Studies show that human ears get about one-fifth of a millimeter longer every year, on average. That isn't much, but it starts to add up after a while. Those who start with bigger ears may see the most growth.

>> Read more trending stories  

There have been a lot of theories on why ears grow, but the current thinking is that ears lose elasticity and parts of them, especially the earlobe, start to droop. The same thing can happen to the tips of human noses.

And although people seem more likely to notice the ears of older men, women experience the same thing. Hairstyles, plus the fact that women's ears are usually smaller than men's, could be why ear growth is usually less noticeable for women than men.

<iframe width="390" height="219" src="" frameborder="0" allowfullscreen></iframe>

Man with Down syndrome becomes police officer for a day

A Kentucky man with Down syndrome recently had the chance to experience his dream of becoming a police officer.

<script type="text/javascript" language="javascript1.1">function displayVideoHelp(){var videohelppage ='/global/story.asp?s=1343812&amp;displayHelp=true', 'CONTENT');}function playVideoClip ()  {displayVideoHelp();} function playVideoClips () {displayVideoHelp();} function checkLaunchVideo() {} </script><script src="" type="text/javascript" language="javascript1.3"></script><script type='text/javascript' src=';;playerWidth=390;playerHeight=219;isShowIcon=true;clipId=12606563;flvUri=;partnerclipid=;adTag=News;advertisingZone=;enableAds=true;landingPage=;islandingPageoverride=;playerType=STANDARD_EMBEDDEDscript;controlsType=overlay'></script> | Continuous News and StormTracker Weather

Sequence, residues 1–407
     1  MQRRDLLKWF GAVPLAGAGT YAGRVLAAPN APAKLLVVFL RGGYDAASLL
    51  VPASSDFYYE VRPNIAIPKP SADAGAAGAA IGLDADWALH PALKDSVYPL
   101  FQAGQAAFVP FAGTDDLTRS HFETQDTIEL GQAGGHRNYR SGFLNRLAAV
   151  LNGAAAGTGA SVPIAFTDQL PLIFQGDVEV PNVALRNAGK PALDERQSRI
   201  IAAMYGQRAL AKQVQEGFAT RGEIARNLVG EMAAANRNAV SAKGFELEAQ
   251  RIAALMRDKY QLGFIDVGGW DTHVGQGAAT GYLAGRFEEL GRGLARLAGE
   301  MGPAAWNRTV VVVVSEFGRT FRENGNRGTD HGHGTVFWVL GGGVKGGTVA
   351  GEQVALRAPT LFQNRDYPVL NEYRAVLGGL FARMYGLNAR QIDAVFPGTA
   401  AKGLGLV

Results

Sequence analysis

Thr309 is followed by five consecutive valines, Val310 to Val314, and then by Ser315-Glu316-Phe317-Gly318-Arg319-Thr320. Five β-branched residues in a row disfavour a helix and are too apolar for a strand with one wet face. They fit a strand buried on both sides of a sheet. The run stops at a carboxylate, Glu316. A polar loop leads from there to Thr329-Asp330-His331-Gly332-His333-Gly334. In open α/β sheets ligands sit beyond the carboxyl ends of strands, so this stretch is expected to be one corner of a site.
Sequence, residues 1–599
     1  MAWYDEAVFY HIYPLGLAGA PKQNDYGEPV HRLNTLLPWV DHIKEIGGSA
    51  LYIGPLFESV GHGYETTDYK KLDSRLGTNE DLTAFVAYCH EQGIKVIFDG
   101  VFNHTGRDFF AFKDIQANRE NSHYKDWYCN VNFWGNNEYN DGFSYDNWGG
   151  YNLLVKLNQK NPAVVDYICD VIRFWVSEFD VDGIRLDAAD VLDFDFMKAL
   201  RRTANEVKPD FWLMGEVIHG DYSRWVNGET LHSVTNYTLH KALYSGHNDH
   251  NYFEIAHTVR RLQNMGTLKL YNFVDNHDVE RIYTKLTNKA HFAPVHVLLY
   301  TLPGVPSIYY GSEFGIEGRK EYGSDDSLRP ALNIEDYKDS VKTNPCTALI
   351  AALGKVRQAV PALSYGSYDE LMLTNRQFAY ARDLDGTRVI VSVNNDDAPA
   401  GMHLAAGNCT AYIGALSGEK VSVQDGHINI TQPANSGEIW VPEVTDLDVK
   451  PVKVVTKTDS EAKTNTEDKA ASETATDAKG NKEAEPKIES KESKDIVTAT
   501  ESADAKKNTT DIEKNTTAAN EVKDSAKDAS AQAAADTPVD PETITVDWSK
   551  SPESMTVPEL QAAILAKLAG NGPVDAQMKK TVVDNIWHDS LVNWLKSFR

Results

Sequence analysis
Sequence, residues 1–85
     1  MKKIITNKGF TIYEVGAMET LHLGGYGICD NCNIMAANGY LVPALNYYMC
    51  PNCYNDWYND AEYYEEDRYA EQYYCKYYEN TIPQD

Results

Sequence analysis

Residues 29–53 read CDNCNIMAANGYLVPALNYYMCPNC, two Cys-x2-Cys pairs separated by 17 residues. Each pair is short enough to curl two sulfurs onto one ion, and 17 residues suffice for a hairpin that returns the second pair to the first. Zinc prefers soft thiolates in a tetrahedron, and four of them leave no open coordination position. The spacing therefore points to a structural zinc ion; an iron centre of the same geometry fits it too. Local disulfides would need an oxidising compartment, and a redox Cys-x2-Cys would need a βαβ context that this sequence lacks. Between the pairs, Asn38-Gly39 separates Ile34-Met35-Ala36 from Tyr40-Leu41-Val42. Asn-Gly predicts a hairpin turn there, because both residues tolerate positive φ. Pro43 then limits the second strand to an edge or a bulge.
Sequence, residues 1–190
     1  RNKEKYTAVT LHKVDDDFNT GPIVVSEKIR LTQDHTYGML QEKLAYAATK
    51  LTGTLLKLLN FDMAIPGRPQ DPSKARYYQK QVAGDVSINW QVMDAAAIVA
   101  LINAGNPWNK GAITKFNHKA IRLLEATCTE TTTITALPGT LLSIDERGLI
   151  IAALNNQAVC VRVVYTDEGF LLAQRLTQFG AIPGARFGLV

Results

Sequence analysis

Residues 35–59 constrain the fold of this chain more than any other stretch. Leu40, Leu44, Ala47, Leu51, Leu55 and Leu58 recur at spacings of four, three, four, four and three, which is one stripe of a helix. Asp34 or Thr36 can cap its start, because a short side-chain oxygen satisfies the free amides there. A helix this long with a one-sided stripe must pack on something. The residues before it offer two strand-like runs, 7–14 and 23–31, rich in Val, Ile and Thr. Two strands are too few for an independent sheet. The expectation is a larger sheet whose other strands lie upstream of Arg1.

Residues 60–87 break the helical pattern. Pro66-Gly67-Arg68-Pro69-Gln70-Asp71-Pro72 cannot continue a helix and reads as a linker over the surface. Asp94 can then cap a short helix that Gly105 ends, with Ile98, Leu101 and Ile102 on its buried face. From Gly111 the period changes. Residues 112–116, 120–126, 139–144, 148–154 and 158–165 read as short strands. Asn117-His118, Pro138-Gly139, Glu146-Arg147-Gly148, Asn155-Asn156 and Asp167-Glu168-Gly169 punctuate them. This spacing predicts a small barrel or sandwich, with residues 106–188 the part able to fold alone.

>> Click here to watch the news report

According to WLEX, the mayor of Campbellsville made Brannan Wheatley an officer for the day last Wednesday in honor of Wheatley's birthday.

Wheatley, who also received a proclamation from Gov. Matt Bevin, was sworn in as family, friends and officers looked on. He then went on patrol with Officer Andy Warren.

>> Read more trending stories

"He reminds us every day of what it's like to help people," Warren told WLEX.

Read more here.

>> Watch another report from WAVE here

<script>(function(d, s, id) {</span><br /><span>  var js, fjs = d.getElementsByTagName(s)[0];</span><br /><span>  if (d.getElementById(id)) return;</span><br /><span>  js = d.createElement(s); = id;</span><br /><span>  js.src = "//;version=v2.7";</span><br /><span>  fjs.parentNode.insertBefore(js, fjs);</span><br /><span>}(document, 'script', 'facebook-jssdk'));</script>Man With Down Syndrome Sworn In As Officer For The DayA young man with Down syndrome had his dreams come true - thanks to the Campbellsville Police Dept. by WAVE 3 News on Tuesday, July 26, 2016

Two dads create device to remind parents not to leave children in cars

It has been a deadly year for children who have been left in hot cars.

So far this year, 23 children have died after they were discovered in locked cars, ABC News reported. There were 25 hot car deaths in 2015.

But two fathers from Tampa have come up with a technical solution to make sure parents don't forget to check their child's car seat, WTSP reported.

Fadi Shamma and Jim Friedman created Sense-A-Life, a sensor pad system. One pad goes under the child on his car or booster seat. 

The child's pad is activated when as little as 2 pounds is placed on it.

A second sensor goes under the driver's seat and detects when the driver's door is opened.

When the door opens, the main part of the system under the driver's seat will alert the driver by playing the message, "Please remove the child from the seat." It also sends an alert via an app to the driver's phone.

<iframe src="" width="390" height="219" frameborder="0" webkitallowfullscreen mozallowfullscreen allowfullscreen></iframe>Sense A Life from Masud Rana Hossain on Vimeo.